One Month on a Bike in The Dominican Republic

The central idea surrounding my bicycle’s purpose was in preparation for this trip. Five friends left to tour the deepest cut of the Dominican countryside for a month.

I’ve found when you return home the gravity of such an experience is more than can immediately be put into words, somehow I felt though that if I didn’t make an attempt the ethos of the trip may become muted. I had a chance to take on a creative writing assignment in attempt to gather those thoughts.

I woke to the morning breeze tugging on my mesh bivy. It was the first night in the past few weeks that I didn’t sleep under a rain fly or some makeshift shelter or a rundown backroom fronting as a low-fare hotel.

I sat up. Just beyond my feet the earth gave way to a steep grade cascading down into a deep cut valley. Short segments from the ribbon of earth that brought us to our perch were visible between the hills. Beyond the valley were mountains; against the mountains were rainclouds, stacking up, one against another. Children the night before told us the clouds would not make it over to our camp. I took them for their word, in part because I was too exhausted to do much more than sleep, and in part because there just wasn’t much to tie shelter off to up there. A few scrubby trees and a bit of barbed wire fence were our only company on the bare ridge.

I got up as the first bit of sunlight breached the distant mountains. The kids were right; on the far hillside I could see a distinct line where the earth starkly changed from green to brown. Over there the rain just stopped. The air was cool–not cold, but I had been riding with a light down jacket packed tightly away for weeks — across plantain fields, up and over mountains and through sweltering jungle, not knowing what temperatures lay ahead at altitude. With only a few items in your possession it seems you sometimes must reach to justify the inclusion of each. That morning, my jacket rationalized its place.

I started bundling up my minimalistic life and took a moment to contemplate the jux between the rugged, panoramic serenity and the ghastly effort thrown down the previous day.

It started about half a year before; a few friends looking for a bike adventure. We wanted topography, affordability and probably most, a head-first trip into the unknown. With just a bit more research than throwing a dart at a map we settled on The Dominican Republic.

Hours into our trip every expectation had already been surpassed, left with a feeling that we were entering an unfamiliar expanse. Our crew was not green by any stretch, but still the first few days in the backcountry came like a tidal wave of experience and acclimation. For the first week, I would lay in bed and contemplate the experiences of the day beginning with the most recent, and making my way back across what we had seen, whom we met, the blaring music and the whole  deluge of sensory until I made my way to the morning. Each morning, feeling as if it had been days or even weeks before at times.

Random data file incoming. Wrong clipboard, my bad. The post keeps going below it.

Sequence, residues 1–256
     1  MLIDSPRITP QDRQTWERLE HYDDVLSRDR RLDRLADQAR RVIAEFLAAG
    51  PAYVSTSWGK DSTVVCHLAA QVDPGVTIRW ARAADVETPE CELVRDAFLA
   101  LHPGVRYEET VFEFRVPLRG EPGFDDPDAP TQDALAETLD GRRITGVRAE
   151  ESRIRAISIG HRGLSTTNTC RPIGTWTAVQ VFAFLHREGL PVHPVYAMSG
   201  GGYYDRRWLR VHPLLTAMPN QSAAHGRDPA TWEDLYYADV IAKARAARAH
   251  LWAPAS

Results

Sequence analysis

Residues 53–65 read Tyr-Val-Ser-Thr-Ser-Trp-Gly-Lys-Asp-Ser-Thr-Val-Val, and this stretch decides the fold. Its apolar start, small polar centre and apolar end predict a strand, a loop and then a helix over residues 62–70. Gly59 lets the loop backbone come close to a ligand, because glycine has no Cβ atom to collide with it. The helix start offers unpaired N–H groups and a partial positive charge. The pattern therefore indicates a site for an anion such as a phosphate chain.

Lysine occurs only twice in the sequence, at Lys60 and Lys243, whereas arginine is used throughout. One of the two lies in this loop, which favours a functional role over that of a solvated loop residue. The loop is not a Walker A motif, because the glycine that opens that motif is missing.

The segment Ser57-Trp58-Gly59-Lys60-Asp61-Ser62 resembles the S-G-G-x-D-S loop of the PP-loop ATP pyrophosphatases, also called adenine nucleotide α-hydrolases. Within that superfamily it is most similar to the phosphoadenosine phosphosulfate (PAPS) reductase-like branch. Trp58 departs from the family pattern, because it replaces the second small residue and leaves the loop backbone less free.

Our journey from the far eastern peninsula to the western plateau was seemingly cast with characters. There was the simple farmer reluctant to take in strangers who quickly became a pillar of hospitality that would epitomize our trip. A Miami ex-pat on a never-ending surf sesh where each pitted wave was another doomed chamber to hide from himself. The memories began to melt into single files, the people and landscape becoming inseparable, each defining the other. Every beat thumping from the nearest colmado became a jingle of tribute to each character’s life.

As we pushed west the climbs became long and sharp. The relentless Caribbean sun scorched our souls. Friendships were tested, some forged in the heat, others tried and perhaps broken. There were times of euphoria and kinship and times I was buried so deep in my own thoughts I became lonely among company.

We made our way through the threshold of each small town marked by plumes of burning waste. The stench a testament to the depravity of infrastructure and education. Each town staffed with it’s own drunken welcome committee. There was often an air of preemptive hostility. It seems the history of our two countries (mostly unknown to us) had not gone unforgotten. It became a bit of a game to break the grimace we were met with. The moment we were able to communicate our travels were unarmed in condescension, stoic faces would melt into the warmest white-toothed smiles I had ever seen. We would pull over into little shops for fifteen minute reprieves from the sun. Greeted in skepticism more often than not our breaks would end in hugs and rum passed our way.

The days went on like this. Each completely unique, each day exactly the same. I became convinced a single rooster had followed us from the beginning. Invisible in the daylight it would wake me at 4 A.M. beckoning an omen not to become too comfortable in my dreams. I was in a foreign land and I needed to remain aware. On we went through valleys and jungles and deserts continually finding family in strangers, becoming strangers in ourselves.

We wound our way into the sky and found our breezy perch on the ridge, and then we were past it. Through a creole pine forest, open drylands, around a giant salt lake along the Haitian border and then there was another ocean. Our time was done. Not surprised, we all found a little more of ourselves and friendships a little richer. The thing we really came to know though, was a beautiful and complex people, cosmically intertwined with a surreal landscape floating through time in the Caribbean.